Posted in Advent, Christmas, Devotions, Faith Formation, Youth Ministry

Family Advent Devotion Introduction

The following is an introduction to the weekly Family Advent Devotions that I created and will be posting throughout the Advent Season. I hope they are a blessing to you and your family! Feedback is always appreciated!!! 🙂



The four weeks before Christmas mark the season of Advent, from a Latin word for “coming” or “arrival.”  We are preparing to celebrate the arrival of God himself, who became man in the form of our Lord, Jesus Christ.  The church has observed a season of preparation before Christmas since the time of Bishop Perpetuus of Tours in 490 C.E.

The themes of Advent include hope, darkness/light, repentance, watchfulness, preparation, expectation of Christ’s birth at Christmas, & the anticipation of his coming again.

The colors of the season is blue or in some instances, purple.  Blue suggests hope.  Purple is an older tradition that represents royalty and the coming of a king.


The month of December is a busy time.  These four weeks are filled with church services, concerts, parties, cleaning, decorating, etc.  It can be exhausting and frustrating, but it’s exciting too!

I encourage you all to spend time as a family, in Advent, reflecting and preparing.  This devotional resource is intended to give you tools to have family devotions around an Advent Wreath. If you don’t have an Advent wreath, 5 pillar candles (one for each week and one for Christmas) will work as well.

Although there is a devotion for each day, don’t worry if you are unable to come together as a family every single day of Advent.  Even once a week is a wonderful recognition of the season and will help prepare your family.  The Sunday devotions are slightly longer so this would be a good option for weekly rather than nightly devotions. The weekly devotion is the same each night. As we steep in the Word, through repetition we often hear new things and the stories are written differently and more deeply on our hearts.

Devotions are one way to reinforce Advent at home.  Some additional ways to incorporate Advent into your home life are:

*        Caring Conversations: While decorating your house and tree, discuss that decorating is part of our preparation and anticipation of Christ’s coming.

*        Service:  Find time to serve others and discuss Christ’s service to us. (Ring bells for Salvation Army; volunteer at a food bank or soup kitchen; donate old toys to Goodwill or a Domestic Violence Shelter.)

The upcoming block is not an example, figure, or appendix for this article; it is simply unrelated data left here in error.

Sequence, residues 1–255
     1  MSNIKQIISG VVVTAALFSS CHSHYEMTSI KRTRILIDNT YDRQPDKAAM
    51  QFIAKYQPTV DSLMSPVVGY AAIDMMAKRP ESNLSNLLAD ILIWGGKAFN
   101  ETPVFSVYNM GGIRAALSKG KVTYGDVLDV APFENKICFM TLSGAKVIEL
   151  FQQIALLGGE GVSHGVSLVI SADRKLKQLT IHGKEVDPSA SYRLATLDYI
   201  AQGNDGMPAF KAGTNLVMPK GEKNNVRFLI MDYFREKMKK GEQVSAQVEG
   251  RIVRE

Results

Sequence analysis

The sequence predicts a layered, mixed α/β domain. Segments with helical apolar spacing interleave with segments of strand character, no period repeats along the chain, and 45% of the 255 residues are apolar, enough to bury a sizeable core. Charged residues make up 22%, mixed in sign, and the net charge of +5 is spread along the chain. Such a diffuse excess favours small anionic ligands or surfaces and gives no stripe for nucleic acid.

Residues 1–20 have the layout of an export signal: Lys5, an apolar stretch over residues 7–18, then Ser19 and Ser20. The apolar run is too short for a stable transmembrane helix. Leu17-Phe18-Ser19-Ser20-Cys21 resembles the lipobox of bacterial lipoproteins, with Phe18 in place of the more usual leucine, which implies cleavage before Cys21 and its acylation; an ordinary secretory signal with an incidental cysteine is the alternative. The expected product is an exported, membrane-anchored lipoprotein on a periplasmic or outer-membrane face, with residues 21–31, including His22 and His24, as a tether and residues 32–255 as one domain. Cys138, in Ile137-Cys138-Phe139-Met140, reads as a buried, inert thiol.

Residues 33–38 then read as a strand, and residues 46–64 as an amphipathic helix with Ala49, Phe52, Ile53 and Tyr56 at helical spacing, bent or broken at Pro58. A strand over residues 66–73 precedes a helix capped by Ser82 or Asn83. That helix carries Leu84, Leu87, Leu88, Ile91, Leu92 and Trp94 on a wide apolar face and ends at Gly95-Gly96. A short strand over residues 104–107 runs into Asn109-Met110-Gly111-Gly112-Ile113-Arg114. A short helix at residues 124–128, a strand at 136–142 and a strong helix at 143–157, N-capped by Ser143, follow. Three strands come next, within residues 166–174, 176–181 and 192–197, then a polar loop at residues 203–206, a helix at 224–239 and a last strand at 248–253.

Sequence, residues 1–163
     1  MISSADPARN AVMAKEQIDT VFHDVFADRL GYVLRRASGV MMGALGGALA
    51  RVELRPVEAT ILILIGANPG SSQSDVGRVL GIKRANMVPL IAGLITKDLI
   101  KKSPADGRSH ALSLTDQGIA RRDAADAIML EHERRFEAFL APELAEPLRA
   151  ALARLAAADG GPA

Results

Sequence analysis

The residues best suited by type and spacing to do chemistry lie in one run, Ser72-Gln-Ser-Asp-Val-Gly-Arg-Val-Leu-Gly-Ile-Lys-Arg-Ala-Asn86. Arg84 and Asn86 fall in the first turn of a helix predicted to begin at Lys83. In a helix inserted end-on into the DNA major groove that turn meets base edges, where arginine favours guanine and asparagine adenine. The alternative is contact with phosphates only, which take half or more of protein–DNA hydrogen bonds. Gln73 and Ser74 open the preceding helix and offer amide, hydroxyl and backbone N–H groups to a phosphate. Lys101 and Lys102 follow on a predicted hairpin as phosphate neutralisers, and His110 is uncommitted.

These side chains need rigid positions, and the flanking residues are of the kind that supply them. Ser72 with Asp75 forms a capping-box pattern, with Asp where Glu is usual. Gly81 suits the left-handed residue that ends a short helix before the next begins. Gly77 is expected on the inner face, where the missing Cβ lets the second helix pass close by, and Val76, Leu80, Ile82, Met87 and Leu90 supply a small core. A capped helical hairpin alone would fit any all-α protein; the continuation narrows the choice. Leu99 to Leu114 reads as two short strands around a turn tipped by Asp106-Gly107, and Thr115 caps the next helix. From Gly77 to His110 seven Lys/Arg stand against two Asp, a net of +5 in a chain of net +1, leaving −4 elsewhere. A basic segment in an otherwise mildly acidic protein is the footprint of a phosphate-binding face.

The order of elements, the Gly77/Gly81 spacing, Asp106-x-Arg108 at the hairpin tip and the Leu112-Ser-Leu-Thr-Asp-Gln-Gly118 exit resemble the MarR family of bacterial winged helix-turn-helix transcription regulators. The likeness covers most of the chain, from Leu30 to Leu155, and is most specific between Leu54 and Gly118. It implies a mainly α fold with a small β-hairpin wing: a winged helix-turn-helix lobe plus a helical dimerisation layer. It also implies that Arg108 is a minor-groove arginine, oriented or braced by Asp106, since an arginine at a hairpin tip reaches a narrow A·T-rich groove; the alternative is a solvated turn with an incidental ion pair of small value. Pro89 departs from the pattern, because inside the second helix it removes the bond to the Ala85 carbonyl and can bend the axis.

*        Rituals & Traditions: We all have rituals and traditions surrounding the season. (Baking goodies; decorating; Christmas Caroling; etc…)  Keep doing what you have always done!  Discuss WHY you do it… where it came from… who started it.


The origins of the Advent wreath are found in the folk practices of the pre-Christian Germanic peoples who, during the cold December darkness of Eastern Europe, gathered wreaths of evergreen and lighted fires as signs of hope in a coming spring and renewed light.

Christians kept these popular traditions alive, and by the 16th century Catholics and Protestants throughout Germany used these symbols to celebrate their Advent hope in Christ, the everlasting Light. From Germany, the use of the Advent wreath spread to other parts of the Christian world.

Traditionally, the wreath is made of four candles in a circle of evergreens. Three candles are violet or blue and the fourth is rose or purple, but four white candles or four violet candles can also be used. Each day at home, the candles are lighted, perhaps before the evening meal– one candle the first week, and then another each succeeding week until December 25th.



I spent most of my life living in the great Pacific Northwest (Oregon). I went to college in South Carolina. I have also lived in Arkansas, North Carolina, kind of Virginia, Texas, & currently Pennsylvania. I’m a single-mom of two amazing children (aka – “The Things”) who keep life very interesting! I’m a pastor-in-training. The snark is fiercely strong with me! #Javaluia #VivaMoreCoffee

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